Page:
And I just wanted to make a little mini-rant to say that look, just because a translation does or does not use Japanese name honorifics does not in any way indicate quality whatsoever, period.
And now we move on to Review Rednesdays. I think, in honor of our having recently finished translating a volume of Chaika: The Coffin Princess, we'll go ahead and post a review of that! ...After I check Amazon to remind myself which volume came out last week. ...Volume two, okay! Spoiler warning: mild.
Chaika: The Coffin Princess, volume 2
Just for a bit of perspective, we're writing this post two days after finding out we won a trip to Japan, we have about a million things going on all at once, and working on Chaika was our desperate attempt to stay focused on one thing so as not to have a total meltdown. That being the case, we both have a hard time mentally holding on to more than one topic at a time, so a lot of this volume kind of went in one ear and out the other, so to speak. I mean, it's not like we were listening to it, but in one eye and out the other sounds weird, and there was some audio involved, as Athena read out the dialogue and we discussed possible translations. But the point is, there was very little retention.
There was a lot of fighting in this volume. The manga artist said that in the comments at the very beginning, and we were very excited about that. Not because we like fighting, but because we like fight scenes--they're easy to translate. And one of the main goals of working so frantically on Chaika was to knock something off of our to-do list so we could feel like we had some time to breathe for a second. Chaika did not disappoint, and we managed to finish it in two days! Woohoo!
So, what with all the fighting, there was some important story stuff going on, I think? Athena thinks it was mostly foreshadowing, because they're like, "Oh, Chaika! You don't really know who she is! You shouldn't hang out with her anymore!" And they didn't give any reasons. But anyway, Toru and Chaika got the "important thing." We already knew it was a hand, because it was in the first episode of the anime, so that was kind of a bummer, but at least we still get to speculate about what it all means!
For example, if Abarth is so sure he killed Chaika, does that mean the coffin has Chaika's body in it, and she really is some kind of a ghost/zombie hybrid?
Speaking of such things, the original author made an interesting comment at the end of the book. He talks about how young Toru and Akari don't quite match the characters in the novels, so he has fun figuring out how they grew from who they were then to who they are when the story begins. It reminded me of when we saw the first two Tinker Bell movies, and how we made up stories about how Tinkerbell went from who she is in those movies to who she is in Disney's Peter Pan, like about how Terence either died a horrible death or ran off with one of her friends. Then they introduced Tinkerbell's "sister," so it pretty much writes itself.
Anyway, back to Chaika. I don't think I ever talked about our method for dealing with her speech pattern. We were too lazy to do any real research (bad translators!), but I thought maybe that's okay, since her original language is fictional, and there's no telling what kind of habits would carry over into the standard language of that world. So our general method is to make sure she almost never conjugates verbs. The reasoning for this is that when you're learning a language and you look things up in the dictionary, they give you the unconjugated verb. The main exception for this is when she says a common phrase, like you would learn from a beginner's phrase book--things like "I'm sorry," "thank you," and "I don't know." (Although, we have had her say, "I thank," which we think is adorable. Hopefully we're not the only ones.)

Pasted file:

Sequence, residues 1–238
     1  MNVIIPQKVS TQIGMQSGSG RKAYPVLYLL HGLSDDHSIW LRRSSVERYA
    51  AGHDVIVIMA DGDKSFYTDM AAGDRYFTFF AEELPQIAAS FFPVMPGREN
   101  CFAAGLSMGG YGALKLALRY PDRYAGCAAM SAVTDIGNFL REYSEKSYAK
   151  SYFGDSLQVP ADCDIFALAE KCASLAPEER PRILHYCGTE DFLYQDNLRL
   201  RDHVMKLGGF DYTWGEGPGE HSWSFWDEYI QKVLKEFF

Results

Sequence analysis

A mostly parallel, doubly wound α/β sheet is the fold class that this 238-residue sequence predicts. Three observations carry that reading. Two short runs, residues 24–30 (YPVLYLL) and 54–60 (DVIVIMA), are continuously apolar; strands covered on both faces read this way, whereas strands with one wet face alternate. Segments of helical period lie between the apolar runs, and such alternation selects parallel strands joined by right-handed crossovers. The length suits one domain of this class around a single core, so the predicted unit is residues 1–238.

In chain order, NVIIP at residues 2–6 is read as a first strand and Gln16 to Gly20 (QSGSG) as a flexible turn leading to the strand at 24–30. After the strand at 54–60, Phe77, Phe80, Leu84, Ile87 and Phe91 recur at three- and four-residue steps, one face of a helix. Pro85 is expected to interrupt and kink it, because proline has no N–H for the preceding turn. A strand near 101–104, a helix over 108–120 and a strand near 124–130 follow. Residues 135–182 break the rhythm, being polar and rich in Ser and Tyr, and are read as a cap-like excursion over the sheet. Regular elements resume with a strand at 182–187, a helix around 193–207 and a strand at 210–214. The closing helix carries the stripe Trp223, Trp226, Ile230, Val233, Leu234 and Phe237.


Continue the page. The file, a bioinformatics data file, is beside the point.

After that, I tend to resort to... Okay, so soon after we turned in volume one of Chaika, we saw the episode of "Murder, She Wrote" where David Ogden Stiers (Cogsworth in Beauty and the Beast) plays a Russian policeman. His accent made me very happy for some reason, and since Chaika is a Russian word, I figure it's okay to take some inspiration for her imperfect English from a TV Russian accent (phrases like, "is good," for example). So when we're editing a Chaika translation, and we come across a line of hers that doesn't quite sound the way we want it (either it's too good English or it's just like, "What?"), then I'll think back to that Russian policeman and try to imagine how he would say it. And there you have it!
Let's see, what else...? The part where Gillet was trying to get the hand from Toru and Vivi was all, "He's never going to tell you!" and Toru was like, "It's in the coffin," was great. Vivi is one of those characters who's annoying in a "she's supposed to be annoying" way, so it's great when she's wrong.
I seem to remember something happening during editing today that had me thinking, "Oh, I could write about that, too!" but I forgot what it was. Maybe it was just me remembering to talk about Chaika's speech pattern. Oh well.
Well, that was fun. I especially liked the little tangent about Tinker Bell movies.
Today I'm thankful for more fun reviews that help cheer us up, suddenly having a Japan Trip Plan B, finishing our rough draft of Your Lie in April very quickly, our manga arriving today, and inspiration from various sources.